We see that you have javascript disabled. Please enable javascript and refresh the page to continue reading local news. If you feel you have received this message in error, please contact the customer support team at 1-833-248-7801.

ADVERTISEMENT

ADVERTISEMENT

Dokken: Dakota Sporting Clays course near Grand Forks has new owner

A captains meeting for the coming sporting clays season is set for 7 p.m. Tuesday, March 15, at the Dakota Hunting Club, 1389 18th St. NE, Grand Forks. The sporting clays season is set to begin Monday, May 16.

Aaron Thielke 2.jpg
Aaron Thielke of Northwood, North Dakota, is gearing up for the coming sporting clays league season as new owner of Dakota Sporting Clays near Grand Forks.
Contributed / Aaron Thielke
We are part of The Trust Project.

Brad Dokken
Brad Dokken

GRAND FORKS – As an avid outdoorsman and shooting sports enthusiast, Aaron Thielke was on the hunt for a job that he loved.

He appears to have found it as the new owner of Dakota Sporting Clays, the sporting clays course west of Grand Forks. Thielke, of Northwood, North Dakota, recently bought the sporting clays venture from Mike Elgin, who purchased the sporting clays range and Dakota Hunting Club and Kennels in 2006 from founder George Newton.

Thielke only purchased the sporting clays portion of the business, which includes 200 acres of land, of which about 30 acres is the sporting clays course, he says.

“I’ve been shooting there for three years, and it just became a passion of mine,” Thielke said. “Everyone wants to do a job they love, right? So, I kind of wanted to pursue it that way and do something that I enjoy and am passionate about.”

ADVERTISEMENT

READ MORE OUTDOORS RECREATION COVERAGE:
The flicker is a woodpecker, but it has its own habits, some of them quite different than those of its woodpecker relatives.

A fairly recent newcomer to North Dakota, Thielke and his wife, Andrea, moved to Northwood from the St. Cloud, Minnesota, area, three years ago.

Thielke worked for 15 years as a welder before that and currently is employed at ADM Edible Bean Specialties in Northwood.

“I’d been coming out here hunting for 20 years or so,” Thielke said. “I wanted to escape the hustle and bustle of Minnesota so we moved out here.”

Purchasing the sporting clays business is both exciting and scary, Thielke says.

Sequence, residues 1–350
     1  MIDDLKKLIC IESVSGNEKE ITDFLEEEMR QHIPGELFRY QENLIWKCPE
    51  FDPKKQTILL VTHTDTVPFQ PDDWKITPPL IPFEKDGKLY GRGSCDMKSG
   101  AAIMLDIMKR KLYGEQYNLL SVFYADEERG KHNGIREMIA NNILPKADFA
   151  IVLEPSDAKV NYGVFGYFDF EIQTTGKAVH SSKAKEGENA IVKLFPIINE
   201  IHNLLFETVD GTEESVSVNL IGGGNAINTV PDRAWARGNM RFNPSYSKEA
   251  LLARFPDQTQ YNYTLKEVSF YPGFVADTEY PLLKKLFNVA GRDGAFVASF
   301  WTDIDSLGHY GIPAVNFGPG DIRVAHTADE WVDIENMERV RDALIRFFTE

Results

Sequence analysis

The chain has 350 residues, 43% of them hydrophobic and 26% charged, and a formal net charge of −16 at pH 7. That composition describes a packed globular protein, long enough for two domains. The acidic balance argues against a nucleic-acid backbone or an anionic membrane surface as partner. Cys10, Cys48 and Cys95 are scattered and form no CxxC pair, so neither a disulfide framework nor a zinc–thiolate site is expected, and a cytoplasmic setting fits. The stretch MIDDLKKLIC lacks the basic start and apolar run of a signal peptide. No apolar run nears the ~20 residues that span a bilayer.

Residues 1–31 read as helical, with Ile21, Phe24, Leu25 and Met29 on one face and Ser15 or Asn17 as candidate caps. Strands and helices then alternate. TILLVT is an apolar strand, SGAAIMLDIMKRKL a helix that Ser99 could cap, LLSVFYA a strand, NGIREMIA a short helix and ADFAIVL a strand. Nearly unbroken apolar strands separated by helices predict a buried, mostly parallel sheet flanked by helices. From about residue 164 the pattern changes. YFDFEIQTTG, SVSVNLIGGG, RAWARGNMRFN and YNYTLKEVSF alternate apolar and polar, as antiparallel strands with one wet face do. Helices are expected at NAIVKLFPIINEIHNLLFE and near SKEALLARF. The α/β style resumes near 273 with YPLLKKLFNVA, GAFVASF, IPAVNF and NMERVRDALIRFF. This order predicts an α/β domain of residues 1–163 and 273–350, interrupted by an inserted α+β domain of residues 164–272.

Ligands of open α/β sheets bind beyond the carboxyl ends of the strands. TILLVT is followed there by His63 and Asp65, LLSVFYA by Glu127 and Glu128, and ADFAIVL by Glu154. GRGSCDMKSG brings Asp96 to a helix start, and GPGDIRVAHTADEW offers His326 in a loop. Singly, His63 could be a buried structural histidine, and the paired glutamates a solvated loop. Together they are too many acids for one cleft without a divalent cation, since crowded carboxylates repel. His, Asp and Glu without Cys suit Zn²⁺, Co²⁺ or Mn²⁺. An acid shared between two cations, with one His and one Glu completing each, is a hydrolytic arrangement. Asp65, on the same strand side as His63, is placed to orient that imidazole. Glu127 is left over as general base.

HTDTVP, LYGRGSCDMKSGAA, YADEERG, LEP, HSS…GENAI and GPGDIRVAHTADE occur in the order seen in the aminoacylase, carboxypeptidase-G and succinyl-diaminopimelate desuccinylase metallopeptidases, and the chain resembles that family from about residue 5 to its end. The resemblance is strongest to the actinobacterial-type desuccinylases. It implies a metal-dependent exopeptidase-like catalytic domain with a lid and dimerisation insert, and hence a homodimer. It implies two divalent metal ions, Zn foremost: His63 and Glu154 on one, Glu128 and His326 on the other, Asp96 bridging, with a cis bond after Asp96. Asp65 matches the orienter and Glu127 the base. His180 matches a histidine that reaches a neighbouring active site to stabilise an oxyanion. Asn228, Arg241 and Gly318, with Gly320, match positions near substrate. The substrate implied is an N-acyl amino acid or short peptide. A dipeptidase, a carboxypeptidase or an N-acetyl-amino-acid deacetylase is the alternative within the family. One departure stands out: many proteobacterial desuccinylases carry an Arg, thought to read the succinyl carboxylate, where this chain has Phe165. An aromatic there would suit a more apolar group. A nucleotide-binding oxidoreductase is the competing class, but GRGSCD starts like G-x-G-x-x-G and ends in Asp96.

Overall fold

“I was nervous at first and I still am nervous about it, especially with inflation and (shotgun) shell costs and everything going up in price,” he said. “It’s kind of a leisure event; it’s definitely a want – not a need.”

On the upside, the Grand Forks area has a “good core group of shooters” who participate in the sporting clays league and other events, Thielke says, and he expects they’ll be onboard for the summer sporting clays season.

In recent years, there have been about 30 teams in the sporting clays league, each with at least five shooters, he says.

“I would say there’s north of 150 people shooting out there,” he said. “Probably, closer to 200 regularly for the league.”

ADVERTISEMENT

A captains meeting for the coming season is set for 7 p.m. Tuesday, March 15, at the Dakota Hunting Club, 1389 18th St. NE, Grand Forks. The sporting clays season is set to begin Monday, May 16.

“I’m always a ‘glass half full guy,’ and I know I can make it work,” Thielke said. “I’m excited. Now, we’re two months away so it’s getting down to crunch time.”

In terms of changes, Thielke says he plans to re-establish five-stand shooting to the course offerings.

As the name suggests, five-stand is a shotgun sport with five stations, or stands, each with five targets thrown in varying configurations.

Price-wise, fees will increase “a couple bucks” to reflect the higher cost for clay targets, he says.

“I’d like to keep it close to what (Mike Elgin) had for this first year,” Thielke said. “I don’t want to come in as new management and raise the price a lot and make a lot of changes that people aren’t used to.”

The league season lasts 10 weeks, and participants shoot one 50-target round each week. The course fee will be $22 for a round – $220 for the season – he says, and the standard five-stand fee will be $10 for a round of 25 targets.

League shooters can also buy a 10-round punch card for $210, a savings of $1 per round over paying week-to-week, Thielke says.

ADVERTISEMENT

“I had to bump it up a couple bucks per round, but I think it’s still – if you look around to sporting clays courses in Minnesota and all over the country, really – I’m way below,” he said.

There will also be a four-week fall season, Thielke says, along with a fun shoot and a league party at the end of the season.

For more information, contact Thielke at (701) 789-0988 or check out the Dakota Sporting Clays Facebook page at facebook.com/dakotasportingclays.

Brad Dokken joined the Herald company in November 1985 as a copy editor for Agweek magazine and has been the Grand Forks Herald's outdoors editor since 1998.

Besides his role as an outdoors writer, Dokken has an extensive background in northwest Minnesota and Canadian border issues and provides occasional coverage on those topics.

Reach him at bdokken@gfherald.com, by phone at (701) 780-1148 or on Twitter at @gfhoutdoor.
What to read next
The U.S. Forest Service and The Nature Conservancy are researching how restored bogs help slow climate change.
The Federal Duck Stamp, which sells for $25, raises approximately $40 million in sales each year. Funds from stamp sales support critical conservation to protect wetland habitats in the National Wildlife Refuge System.
It was a busy waterfowl opener at many public accesses, with a mixed bag of ducks being brought in. Waterfowl hunters took mallards, wood ducks, pintails, ring necks and teal.
Hunters 12 and older need to have passed a certified hunter education course or obtain an apprentice hunter validation, which allows a person to hunt small game for one license year without completing hunter education.